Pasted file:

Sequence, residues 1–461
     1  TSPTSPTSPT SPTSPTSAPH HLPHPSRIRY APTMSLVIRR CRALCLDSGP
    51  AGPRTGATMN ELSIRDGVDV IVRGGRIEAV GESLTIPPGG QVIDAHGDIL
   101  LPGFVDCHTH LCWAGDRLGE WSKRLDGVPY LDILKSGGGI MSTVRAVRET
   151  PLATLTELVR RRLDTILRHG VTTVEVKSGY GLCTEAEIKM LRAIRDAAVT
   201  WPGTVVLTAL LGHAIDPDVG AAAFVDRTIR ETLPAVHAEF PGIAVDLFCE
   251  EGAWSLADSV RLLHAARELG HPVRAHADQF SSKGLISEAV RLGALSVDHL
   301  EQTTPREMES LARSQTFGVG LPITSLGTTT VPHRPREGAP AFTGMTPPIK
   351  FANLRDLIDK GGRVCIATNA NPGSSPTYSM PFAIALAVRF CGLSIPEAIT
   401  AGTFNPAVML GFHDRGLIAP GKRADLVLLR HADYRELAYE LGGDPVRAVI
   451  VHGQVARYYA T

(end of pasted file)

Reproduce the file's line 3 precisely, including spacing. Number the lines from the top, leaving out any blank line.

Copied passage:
    51  AGPRTGATMN ELSIRDGVDV IVRGGRIEAV GESLTIPPGG QVIDAHGDIL